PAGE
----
"How to dress for interview success" is a frequently requested topic in the workshops and support groups I conduct. Here are a few strategic suggestions on looking your professional best, no matter your shape, size, gender, or age:
If the job is a major step up for you: Dress the part. If that means borrowing a great watch and/or investing in a fabulous new suit and shoe leather, then do it. Don't forget to check out factory outlet and thrift shops for real deals. Be prepared to mix and match so you'll have enough outfits for multiple interviews.
If the job represents a step down: If you don't want to be the VP of Sales any more, don't strut into the interview wearing a designer suit and power tie. Tone it down and dress more casually -in a sports coat and dress shirt without a tie, or a shirt and tie sans jacket, or a high-quality knit polo with crisply pressed khakis.
If you feel you are perceived as too young: Wear a serious suit, quality accessories, and add a sharp-looking pair of glasses (non-prescription models are available for whippersnappers with 20/20 vision). Oh, and consider losing the spiky hairdo and goatee.
If you worry you'll be viewed as too old: Ask a few pros about the best way to update your hairstyle (in my humble opinion, shorter is always better for men who are gray or balding). Neither men nor women absolutely have to sport that gray if they don't want to - there are plenty of roads back to your original hair color - just use your best judgment. Make sure your eyeglasses don't date back to the 70s or 80s (think how spiffy you'll look with a smart pair of glasses in the new high-tech materials). You might also want to consider dressing a notch or two more casually.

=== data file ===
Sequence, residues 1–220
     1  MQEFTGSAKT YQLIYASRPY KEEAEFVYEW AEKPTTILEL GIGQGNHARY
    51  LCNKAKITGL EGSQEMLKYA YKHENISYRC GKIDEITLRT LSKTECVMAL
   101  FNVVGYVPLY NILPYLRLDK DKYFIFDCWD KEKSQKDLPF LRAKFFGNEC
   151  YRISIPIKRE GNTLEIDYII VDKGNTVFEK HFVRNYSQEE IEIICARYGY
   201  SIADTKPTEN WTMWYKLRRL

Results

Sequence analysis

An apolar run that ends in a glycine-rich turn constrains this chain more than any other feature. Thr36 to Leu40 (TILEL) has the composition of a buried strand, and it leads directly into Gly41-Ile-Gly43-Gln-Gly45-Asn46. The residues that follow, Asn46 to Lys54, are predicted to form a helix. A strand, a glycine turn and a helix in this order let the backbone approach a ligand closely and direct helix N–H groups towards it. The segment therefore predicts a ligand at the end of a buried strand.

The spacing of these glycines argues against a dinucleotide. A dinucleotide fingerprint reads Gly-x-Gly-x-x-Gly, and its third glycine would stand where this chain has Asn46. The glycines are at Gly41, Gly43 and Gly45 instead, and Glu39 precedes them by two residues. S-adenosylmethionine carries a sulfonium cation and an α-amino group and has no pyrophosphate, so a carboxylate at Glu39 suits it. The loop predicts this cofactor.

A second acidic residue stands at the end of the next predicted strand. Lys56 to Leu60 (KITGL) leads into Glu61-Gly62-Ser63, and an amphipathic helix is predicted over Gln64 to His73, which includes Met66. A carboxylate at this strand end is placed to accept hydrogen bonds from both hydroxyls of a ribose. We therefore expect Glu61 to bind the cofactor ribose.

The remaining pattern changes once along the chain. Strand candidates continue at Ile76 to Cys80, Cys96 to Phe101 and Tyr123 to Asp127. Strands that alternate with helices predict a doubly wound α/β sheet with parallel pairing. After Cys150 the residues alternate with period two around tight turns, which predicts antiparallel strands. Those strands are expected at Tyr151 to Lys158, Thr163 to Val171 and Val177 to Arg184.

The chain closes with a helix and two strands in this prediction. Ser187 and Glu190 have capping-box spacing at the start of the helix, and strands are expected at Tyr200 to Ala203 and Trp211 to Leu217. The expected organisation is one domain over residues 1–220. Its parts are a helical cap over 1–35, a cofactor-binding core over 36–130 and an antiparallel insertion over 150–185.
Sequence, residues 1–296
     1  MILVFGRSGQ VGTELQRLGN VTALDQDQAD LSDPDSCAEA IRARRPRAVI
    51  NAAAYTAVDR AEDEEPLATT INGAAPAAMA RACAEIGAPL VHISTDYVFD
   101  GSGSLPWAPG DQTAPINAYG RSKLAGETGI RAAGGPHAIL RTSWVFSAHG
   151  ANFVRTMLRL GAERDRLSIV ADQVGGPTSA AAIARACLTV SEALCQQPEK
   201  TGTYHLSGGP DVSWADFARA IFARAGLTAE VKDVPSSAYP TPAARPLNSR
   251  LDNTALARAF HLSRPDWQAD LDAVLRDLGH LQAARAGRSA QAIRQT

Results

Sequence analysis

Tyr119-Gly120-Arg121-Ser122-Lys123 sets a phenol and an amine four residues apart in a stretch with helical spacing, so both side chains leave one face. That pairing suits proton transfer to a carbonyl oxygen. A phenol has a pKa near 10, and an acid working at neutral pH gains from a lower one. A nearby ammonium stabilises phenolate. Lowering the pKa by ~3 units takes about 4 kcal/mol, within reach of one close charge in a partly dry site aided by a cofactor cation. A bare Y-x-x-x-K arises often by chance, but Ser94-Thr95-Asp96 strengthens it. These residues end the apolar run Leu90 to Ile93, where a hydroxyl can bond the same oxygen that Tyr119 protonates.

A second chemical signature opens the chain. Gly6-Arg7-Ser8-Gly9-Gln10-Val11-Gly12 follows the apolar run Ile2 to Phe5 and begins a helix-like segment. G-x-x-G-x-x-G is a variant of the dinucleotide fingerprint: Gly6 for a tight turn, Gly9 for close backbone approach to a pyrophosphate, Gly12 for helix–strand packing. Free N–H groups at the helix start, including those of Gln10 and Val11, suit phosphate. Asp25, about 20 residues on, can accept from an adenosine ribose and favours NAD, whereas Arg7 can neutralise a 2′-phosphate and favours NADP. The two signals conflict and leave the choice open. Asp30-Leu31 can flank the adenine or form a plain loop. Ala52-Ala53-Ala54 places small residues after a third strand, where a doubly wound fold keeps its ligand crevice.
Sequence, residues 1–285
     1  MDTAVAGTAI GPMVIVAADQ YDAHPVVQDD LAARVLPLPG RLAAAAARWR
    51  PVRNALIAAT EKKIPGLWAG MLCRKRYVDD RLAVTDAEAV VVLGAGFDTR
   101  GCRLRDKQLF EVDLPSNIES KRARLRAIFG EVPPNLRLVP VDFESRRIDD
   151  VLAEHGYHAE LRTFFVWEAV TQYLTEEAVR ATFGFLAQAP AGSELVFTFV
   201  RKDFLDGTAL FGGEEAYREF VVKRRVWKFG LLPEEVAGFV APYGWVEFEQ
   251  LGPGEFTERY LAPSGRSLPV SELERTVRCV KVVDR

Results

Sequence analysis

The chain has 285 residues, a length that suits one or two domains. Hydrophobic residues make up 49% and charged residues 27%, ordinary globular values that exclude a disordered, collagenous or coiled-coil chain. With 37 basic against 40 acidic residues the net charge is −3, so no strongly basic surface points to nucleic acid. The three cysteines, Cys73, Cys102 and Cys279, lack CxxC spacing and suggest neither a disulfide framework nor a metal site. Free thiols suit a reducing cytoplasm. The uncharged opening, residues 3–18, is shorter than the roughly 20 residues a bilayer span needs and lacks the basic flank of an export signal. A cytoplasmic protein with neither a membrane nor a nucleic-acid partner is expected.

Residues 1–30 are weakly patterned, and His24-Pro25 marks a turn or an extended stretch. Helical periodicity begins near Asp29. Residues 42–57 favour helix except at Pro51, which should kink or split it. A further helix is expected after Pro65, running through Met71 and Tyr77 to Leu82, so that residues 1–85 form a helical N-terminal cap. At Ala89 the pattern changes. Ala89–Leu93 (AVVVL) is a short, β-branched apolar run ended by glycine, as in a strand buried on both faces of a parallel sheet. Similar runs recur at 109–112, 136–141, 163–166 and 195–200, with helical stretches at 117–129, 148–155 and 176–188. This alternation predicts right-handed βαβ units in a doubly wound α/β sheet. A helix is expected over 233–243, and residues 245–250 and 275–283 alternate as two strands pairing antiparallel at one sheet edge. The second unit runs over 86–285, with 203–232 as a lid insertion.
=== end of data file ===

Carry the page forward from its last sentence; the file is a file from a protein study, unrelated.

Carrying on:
If you're overweight: Make sure your garments are high-quality and well-fitted. Stand straight and tall. Seek expert assistance with a reputable retailer specializing in larger sizes. Go for color contrasts that result in slimming vertical lines, such as a darker shirt with a lighter-colored jacket or vice-versa. Add a splash of your favorite color to bring attention to your face via a silk necktie or scarf.
If you're an underweight man: Consult with a smart tailor as to how to combine layers of clothing, well-starched shirts, shoulder pads, generous cuts, and more substantial fabrics to bulk up a bit.
If you're a curvaceous woman: Don't flaunt it or you'll risk being hired (or not) based on appearance. Avoid body-conscious knits, tight or short skirts, and anything even remotely resembling a peek at your cleavage. If you're ample-busted, be sure to wear a jacket. Make sure your clothes fit well and are attractive, but not seductive.
Stop making strong scents: Your well-scrubbed self should generate a pleasing, subtle scent that won't burn the eyes of the interviewer. Skip the perfume and cologne altogether, please! Don't smoke on the way to the interview, ever! Brush, gargle, and use breath spray, please!
Be a charming chameleon: Use the target company's color as your accent color if possible.
If in doubt of what to wear for a given interview, ASK your interviewer ahead of time. Companies these days vary dramatically in conservatism of dress. In some of today's entrepreneurial environments, the top folks may be sporting shorts and flip flops when they interview you - asking ahead of time ensures you don't show up looking like a dork in a three-piece suit. Questions about how people dress for a normal day on the job versus a big client presentation day should be a part of your pre-interview intelligence gathering. Oh, and once you have the job, emulate the dress of those who currently hold your next position.
Last but not least - I'm astonished at the number of clients who obsess about appearances but otherwise fail to prepare for the interview. Do your homework on the company so that you'll have a targeted interview agenda to go with that sharp get-up.